I'm not talking about distributed key/value systems, such as typically used with memcached, which use consistent hashing to make adding/removing nodes a relatively cheap procedure.
I'm talking about your standard in-memory hashtable like python's dict or perl's hash.
It would seem like the benefits of using consistent hashing would also apply to these standard data structures, by lowering the cost of resizing the hashtable. Real-time systems (and other latency-sensitive systems) would benefit from / require hashtables optimized for low-cost growth, even if overall throughput declines slightly.
Wikipedia alludes to "incremental resizing" but basically talks about a hot/cold replacement approach to resizing; there is a separate article about "extendible hashing" that uses a trie for bucket lookup to accomplish cheap rehashing.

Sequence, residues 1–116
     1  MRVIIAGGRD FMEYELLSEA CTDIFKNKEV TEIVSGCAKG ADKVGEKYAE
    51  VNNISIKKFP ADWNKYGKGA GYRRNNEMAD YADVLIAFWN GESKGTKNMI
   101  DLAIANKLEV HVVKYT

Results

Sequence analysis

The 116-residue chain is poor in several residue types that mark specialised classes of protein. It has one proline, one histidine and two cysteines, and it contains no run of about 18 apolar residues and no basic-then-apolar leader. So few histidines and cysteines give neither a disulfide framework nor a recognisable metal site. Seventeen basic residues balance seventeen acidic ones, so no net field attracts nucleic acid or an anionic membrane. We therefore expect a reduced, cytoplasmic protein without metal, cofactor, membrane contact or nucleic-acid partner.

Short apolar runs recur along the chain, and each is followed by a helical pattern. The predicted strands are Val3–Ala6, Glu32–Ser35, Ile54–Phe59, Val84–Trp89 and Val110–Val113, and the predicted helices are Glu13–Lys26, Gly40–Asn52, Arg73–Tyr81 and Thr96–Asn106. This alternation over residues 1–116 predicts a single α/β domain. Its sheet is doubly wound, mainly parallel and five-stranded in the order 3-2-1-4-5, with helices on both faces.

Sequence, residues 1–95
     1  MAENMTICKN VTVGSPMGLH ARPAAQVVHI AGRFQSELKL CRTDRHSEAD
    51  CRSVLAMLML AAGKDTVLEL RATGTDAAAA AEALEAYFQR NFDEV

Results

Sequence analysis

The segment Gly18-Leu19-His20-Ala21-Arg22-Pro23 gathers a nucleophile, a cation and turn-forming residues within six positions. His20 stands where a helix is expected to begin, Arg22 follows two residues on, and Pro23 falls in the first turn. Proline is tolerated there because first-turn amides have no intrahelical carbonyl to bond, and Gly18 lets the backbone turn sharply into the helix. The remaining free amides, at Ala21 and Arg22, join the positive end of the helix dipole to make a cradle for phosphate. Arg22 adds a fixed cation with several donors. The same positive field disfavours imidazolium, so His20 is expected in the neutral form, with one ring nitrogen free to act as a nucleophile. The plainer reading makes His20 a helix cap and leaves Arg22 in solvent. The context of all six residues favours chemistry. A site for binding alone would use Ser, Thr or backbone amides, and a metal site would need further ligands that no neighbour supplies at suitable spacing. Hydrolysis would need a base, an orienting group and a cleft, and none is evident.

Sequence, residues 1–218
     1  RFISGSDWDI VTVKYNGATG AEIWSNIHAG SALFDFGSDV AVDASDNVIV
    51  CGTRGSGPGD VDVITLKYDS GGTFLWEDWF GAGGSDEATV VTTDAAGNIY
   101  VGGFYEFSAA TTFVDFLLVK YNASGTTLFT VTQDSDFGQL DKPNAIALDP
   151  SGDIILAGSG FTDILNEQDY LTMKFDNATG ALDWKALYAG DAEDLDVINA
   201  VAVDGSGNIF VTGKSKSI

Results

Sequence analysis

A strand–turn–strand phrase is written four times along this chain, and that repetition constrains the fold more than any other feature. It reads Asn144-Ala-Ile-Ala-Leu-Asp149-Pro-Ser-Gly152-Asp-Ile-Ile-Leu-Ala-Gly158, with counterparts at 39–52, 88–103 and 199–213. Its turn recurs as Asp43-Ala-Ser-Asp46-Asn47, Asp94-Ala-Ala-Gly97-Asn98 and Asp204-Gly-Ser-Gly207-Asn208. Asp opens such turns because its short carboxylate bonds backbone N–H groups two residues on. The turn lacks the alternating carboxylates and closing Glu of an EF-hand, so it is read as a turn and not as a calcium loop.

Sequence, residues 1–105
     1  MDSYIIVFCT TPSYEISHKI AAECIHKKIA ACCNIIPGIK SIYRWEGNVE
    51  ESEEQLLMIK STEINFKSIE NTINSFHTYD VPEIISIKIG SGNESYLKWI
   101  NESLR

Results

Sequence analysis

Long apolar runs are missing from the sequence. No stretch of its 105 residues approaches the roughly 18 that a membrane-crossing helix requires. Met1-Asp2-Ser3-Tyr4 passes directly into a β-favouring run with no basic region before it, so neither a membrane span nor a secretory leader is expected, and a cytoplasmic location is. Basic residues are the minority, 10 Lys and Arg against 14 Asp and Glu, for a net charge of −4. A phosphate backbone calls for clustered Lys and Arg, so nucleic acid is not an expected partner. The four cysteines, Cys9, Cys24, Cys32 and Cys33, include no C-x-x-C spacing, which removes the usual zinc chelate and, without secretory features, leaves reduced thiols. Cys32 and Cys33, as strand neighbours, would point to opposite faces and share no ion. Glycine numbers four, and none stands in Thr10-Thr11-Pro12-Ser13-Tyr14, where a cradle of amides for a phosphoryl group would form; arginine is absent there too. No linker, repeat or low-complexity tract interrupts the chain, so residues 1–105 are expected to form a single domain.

Just curious if anyone's heard of in-core, single-node hashtables that use consistent hashing to lower growth cost. Or is this requirement better met using something other approach (ala the two wikipedia bits listed above)?
or ... is my whole question misguided? Do memory paging considerations make the complexity not worth it? That is, the extra indirection of consistent hashing lets you rehash only a fraction of the total keys, but perhaps that doesn't matter because you'll probably have to read from each existing page, so memory latency is your primary factor, and whether you rehash some or all of the keys doesn't matter compared to the cost of the memory access.... but on the other hand, with consistent hashing, all of your key remaps have the same destination page, so there's going to be less memory thrashing than if your keys remap to any of the existing pages.
EDIT: added "data-structures" tag, clarified final sentence to say "page" instead of "bucket".